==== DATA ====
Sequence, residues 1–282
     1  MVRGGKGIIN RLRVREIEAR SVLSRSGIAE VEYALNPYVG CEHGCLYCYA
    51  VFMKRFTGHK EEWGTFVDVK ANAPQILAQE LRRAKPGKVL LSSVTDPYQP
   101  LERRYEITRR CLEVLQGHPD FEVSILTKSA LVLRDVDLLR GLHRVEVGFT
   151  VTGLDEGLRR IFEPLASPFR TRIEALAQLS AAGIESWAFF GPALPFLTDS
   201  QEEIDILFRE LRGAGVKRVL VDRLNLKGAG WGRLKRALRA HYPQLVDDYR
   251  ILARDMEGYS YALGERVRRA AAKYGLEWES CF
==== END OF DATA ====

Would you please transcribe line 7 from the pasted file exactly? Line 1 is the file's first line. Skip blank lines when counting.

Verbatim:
   251  ILARDMEGYS YALGERVRRA AAKYGLEWES CF